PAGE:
Should You Add Lorillard Stock To Your Portfolio?
What's all the fuss about? The Food and Drug Administration (FDA) is holding a July meeting at which it will discuss the future of menthol cigarettes. The FDA concluded that taking out menthol would benefit public health. The unexpected surprise was that the FDA said that changes are not imminent and could not happen until rule making, requiring public comment, had occurred.
This matters to Lorillard because 90% of its sales come from Newport, a menthol flavored premium cigarette. This delay means that Lorillard can keep selling its menthol-flavored cancer sticks. And selling Newports is a big business. In the last 12 months, for example, the $16.4 billion market capitalization company (up 54% in the last year), generated $6.1 billion in revenue and $1 billion in net income, up at five year average growth rates of 10.7% and 7.8% respectively.
Lorillard's recent financial performance has been solid. In the first quarter, its net income rose 6.9% to $248 million ($1.71/share) -- 9% above analysts' estimates of $1.57 -- from $232 million ($1.50/share) in 2010's first quarter. And its revenues rose 12.9% to $1.53 billion.
And Lorillard's ability to boost cash flow above its cost of capital is strong. In the last year, Lorillard has been creating so-called Economic Value Added (EVA) Momentum, a sign that the company is generating cash flows that exceeds the capital required to finance its operations. Bennett Stewart coined the term -- it's a number calculated by dividing the change in EVA [Net Operating Profit After Tax - (Total Assets - Current Liabilities) x the Weighted Average Cost of Capital)]/Beginning Period's Revenues.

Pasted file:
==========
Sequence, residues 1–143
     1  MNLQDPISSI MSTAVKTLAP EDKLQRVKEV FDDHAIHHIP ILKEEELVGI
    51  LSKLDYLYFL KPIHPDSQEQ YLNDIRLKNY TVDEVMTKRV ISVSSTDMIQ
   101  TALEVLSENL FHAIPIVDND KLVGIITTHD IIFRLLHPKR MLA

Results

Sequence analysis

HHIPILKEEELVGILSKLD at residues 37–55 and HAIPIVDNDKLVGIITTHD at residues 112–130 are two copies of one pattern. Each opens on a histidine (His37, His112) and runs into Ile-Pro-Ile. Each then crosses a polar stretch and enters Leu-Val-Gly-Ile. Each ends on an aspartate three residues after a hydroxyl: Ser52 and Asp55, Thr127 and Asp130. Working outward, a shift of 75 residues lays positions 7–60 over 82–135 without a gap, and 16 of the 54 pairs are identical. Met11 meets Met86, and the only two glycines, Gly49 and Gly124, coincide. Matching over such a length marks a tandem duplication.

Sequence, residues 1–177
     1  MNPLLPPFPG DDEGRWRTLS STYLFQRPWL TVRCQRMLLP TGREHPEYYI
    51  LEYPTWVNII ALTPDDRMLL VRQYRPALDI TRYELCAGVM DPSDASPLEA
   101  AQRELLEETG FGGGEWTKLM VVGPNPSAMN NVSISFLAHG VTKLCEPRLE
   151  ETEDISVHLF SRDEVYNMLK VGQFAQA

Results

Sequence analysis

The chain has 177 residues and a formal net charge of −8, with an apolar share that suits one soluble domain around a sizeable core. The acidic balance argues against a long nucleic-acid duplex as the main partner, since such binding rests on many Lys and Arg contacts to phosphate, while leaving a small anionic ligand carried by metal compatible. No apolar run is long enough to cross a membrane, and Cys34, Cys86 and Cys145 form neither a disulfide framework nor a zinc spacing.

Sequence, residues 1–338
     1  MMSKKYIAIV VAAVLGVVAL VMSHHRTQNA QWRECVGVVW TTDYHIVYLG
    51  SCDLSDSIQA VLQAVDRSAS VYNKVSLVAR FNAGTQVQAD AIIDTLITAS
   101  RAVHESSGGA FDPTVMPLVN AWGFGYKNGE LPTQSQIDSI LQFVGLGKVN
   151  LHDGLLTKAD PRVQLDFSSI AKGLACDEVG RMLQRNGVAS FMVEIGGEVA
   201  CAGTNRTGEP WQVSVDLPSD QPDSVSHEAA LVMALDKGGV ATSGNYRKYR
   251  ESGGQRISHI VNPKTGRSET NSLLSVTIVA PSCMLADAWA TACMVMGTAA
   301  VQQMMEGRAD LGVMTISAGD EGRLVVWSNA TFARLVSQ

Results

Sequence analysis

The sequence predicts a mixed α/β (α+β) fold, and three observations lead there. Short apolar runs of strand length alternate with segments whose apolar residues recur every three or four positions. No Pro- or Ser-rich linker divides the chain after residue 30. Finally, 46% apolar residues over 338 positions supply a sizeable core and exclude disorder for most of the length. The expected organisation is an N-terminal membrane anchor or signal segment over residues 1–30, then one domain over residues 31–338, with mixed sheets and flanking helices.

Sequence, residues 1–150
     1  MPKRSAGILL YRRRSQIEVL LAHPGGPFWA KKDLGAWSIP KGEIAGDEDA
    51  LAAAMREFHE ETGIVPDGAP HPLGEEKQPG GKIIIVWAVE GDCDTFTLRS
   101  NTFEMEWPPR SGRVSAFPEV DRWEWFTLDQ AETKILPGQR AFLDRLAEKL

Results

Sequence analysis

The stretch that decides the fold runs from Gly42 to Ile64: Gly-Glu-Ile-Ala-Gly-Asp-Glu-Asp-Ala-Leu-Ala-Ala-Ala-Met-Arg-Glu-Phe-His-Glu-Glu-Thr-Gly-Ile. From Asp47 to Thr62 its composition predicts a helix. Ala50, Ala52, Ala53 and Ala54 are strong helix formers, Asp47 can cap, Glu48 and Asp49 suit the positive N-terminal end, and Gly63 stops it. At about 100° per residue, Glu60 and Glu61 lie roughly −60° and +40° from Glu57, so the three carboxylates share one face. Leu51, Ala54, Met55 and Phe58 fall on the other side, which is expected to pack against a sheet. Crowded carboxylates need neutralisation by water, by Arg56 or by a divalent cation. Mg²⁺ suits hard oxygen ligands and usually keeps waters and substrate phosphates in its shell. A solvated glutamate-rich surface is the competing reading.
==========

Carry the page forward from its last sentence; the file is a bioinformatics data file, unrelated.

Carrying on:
The best companies create value in excess of their cost of capital -- generating a positive EVA momentum. The higher the EVA momentum, the faster management is creating value. And Lorillard's EVA Momentum is a solid 2%. This figure comes from subtracting Lorillard's 2009 EVA of $881 million from its 2010 EVA of $973 million and dividing the difference by its 2009 revenues of $5.2 billion.
Does the market fully recognize Lorillard's ability to create value -- making it too expensive to be worth adding to your portfolio? To think about that, we can look at their price-to-earnings-to-growth (PEG) ratio — a way to determine whether the value that the market assigns a stock is justified by the rate at which it expects the company’s earnings to grow. I think a PEG of 1.0 is a fair price, and anything below that is a bargain.
Lorillard stock is fairly expensive, trading at a PEG of 1.63. Its P/E is 16.3 and its earnings are forecast to grow 10% to $8.50 in 2012. Even though its reported earnings have been beating expectations for the last five quarters, the extent of that upside surprise is fairly modest.
It looks like yesterday's pop priced in the value of the FDA's stay of Newport's execution. Too bad the same can't be said for Newport smokers. If that doesn't bother you, wait for a market dip to inhale this stock.